2010 Census will allow same-sex couples to self-identify as married

Posted on 25 Feb 2010 at 6:48pm
By DAVID TAFFET | Staff Writer taffet@dallasvoice.com

Data will be gathered on gay and lesbian couples but not on singles

Census forms should arrive in every mailbox on or about March 15 and should be returned in the self-addressed, pre-stamped envelope by April 1.

Each household fills out one form. Person 1 answers 10 questions. Persons 2 through 6 have seven questions to answer. Numbers 7 through 12 fill out just name, sex, age, birth date and check whether or not they are related to person 1.

Octomom will need an additional form, according to Elizabeth Lopez Lyon, the LGBT partnership specialist with the U.S. Census Bureau in Dallas.

Joy Donovan Brandon, the Dallas region’s media specialist, said that the Census Bureau is reaching out to all groups because their goal is counting everyone. That includes the LGBT community — and Lopez Lyon, who has a gay brother and lesbian sister, said she jumped at the chance to fill that position locally, the first ever in the Dallas region that covers a three-state area.

The census has partnered with a number of organizations to encourage participation.

Commerce Secretary Gary Locke appointed Dallas City Councilmember Pauline Medrano as vice chair of the 2010 Census Advisory Committee, which advises on implementation of the census.

According to Brandon, the biggest change in the census this year is that everyone can answer as they self-identify. Gay and lesbian couples that live together will be counted. No category will identify LGBT singles.

Brandon said all answers are self-identifying with no penalties for an "incorrect" answer.

"We’re letting everyone in the United States identify themselves as they see themselves," she said.

She gave an example of a man in her office that most would identify as African-American, but he self-identifies Hispanic.

Although no question asks for sexual orientation, same-sex relationships will be extrapolated from the information provided.

For persons 2 through 6, the second question is, "How is this person related to Person 1?" There are 14 choices given. If "Husband or wife" or "Unmarried partner" is checked and both persons are the same sex, they will be counted as a gay or lesbian couple. If "Roomer or boarder" or "Housemate or roommate" is checked, they will not. The other choices are a variety of familial relationships and "Other nonrelative."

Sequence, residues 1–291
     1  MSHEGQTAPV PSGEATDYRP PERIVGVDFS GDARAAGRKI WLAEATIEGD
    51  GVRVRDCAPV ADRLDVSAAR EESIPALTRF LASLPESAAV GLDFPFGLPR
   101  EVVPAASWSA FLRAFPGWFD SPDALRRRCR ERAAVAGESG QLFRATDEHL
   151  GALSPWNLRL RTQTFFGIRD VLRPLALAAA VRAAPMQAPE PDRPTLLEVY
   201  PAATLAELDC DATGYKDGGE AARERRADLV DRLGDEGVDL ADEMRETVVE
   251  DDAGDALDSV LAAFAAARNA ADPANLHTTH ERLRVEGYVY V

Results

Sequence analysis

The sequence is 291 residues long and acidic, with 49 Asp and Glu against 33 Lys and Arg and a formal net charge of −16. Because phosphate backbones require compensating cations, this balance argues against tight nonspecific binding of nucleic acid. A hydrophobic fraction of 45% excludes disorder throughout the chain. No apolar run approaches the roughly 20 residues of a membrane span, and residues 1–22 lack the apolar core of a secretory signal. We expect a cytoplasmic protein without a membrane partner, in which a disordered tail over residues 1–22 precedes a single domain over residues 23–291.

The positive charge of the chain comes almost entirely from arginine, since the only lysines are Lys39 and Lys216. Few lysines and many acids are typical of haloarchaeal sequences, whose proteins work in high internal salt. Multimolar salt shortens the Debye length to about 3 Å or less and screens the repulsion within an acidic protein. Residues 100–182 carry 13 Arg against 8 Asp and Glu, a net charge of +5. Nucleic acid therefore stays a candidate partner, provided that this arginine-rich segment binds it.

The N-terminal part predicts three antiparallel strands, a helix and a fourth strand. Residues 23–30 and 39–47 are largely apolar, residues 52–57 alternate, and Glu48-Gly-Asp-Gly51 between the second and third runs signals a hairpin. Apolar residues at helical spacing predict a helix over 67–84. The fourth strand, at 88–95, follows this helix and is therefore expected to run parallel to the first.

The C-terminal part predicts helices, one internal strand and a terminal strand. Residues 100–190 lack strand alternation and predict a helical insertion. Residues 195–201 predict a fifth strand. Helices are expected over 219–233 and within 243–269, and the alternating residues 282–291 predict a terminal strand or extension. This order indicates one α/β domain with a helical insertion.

"If you were married in a state where it is legal and live in Texas where it is not recognized, you may self-identify as married," Brandon said.

Brandon said that all answers in the census are completely confidential. No one will be outed as a result of the census.

Brandon said that no one can find out how any particular person answered the census. If parents think someone lives with a roommate and they answered married, she said, that remains completely confidential.

"We take a pledge of confidentiality for life," she said, "Subject to a $250,000 fine, five years in prison, or both. We’re not going to tell your landlord how many people live in an apartment. That’s just not our job. We collect data."

She said that is true for immigration status as well. The census counts everyone living in the United States at the time, whether a citizen, living here temporarily or legally or not. She said that by law, the Census Bureau releases no information on any individuals to Internal Revenue or to Immigration.

The census is one of the few requirements of the federal government, mandated in Article 1, Section 2 of the constitution. Since 1790, the census has been conducted every 10 years.

"It’s a requirement. Everyone’s civic duty. Like jury duty," Brandon said. "The demographic data is turned in to the president by Dec. 31."

She said that mailing the form back saves the government money. Because everyone needs to be counted, beginning May 1 enumerators will be sent to households that did not return their forms. That’s costly and interrupts private time, she said.

Brandon said that the data is used for a wide variety of purposes. Congressional and legislative reapportionment is based on the census. Texas is expected to pick up seats in the House of Representatives as a result of the count.

Money for roads, hospitals and schools is apportioned based on the data. Businesses use the information for a variety of purposes including marketing.

All households will receive the same form this year. There will be no long forms sent to certain households as in the previous few census counts. Each household receives just one form and none are mailed to post office boxes.
Brandon said, "It’s easy, important and safe."  

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Census seeking workers

The Census Bureau is looking for full-time and part-time enumerators particularly in Oak Lawn and areas of Fort Worth.

The job is temporary running from May through September. The pay varies by area but in Fort Worth, enumerators will earn $15.25 per hour.

Applicants will be given a simple skills test and must pass a background check. Veterans get preference. Applicants must be at least 18 years old. There is no upper age limit.

Hours will vary and include evenings and weekends. Applicants should be flexible. People with language skills are especially needed.
For information, call 866-861-2010.

— David Taffet

This article appeared in the Dallas Voice print edition February 26, 2010.

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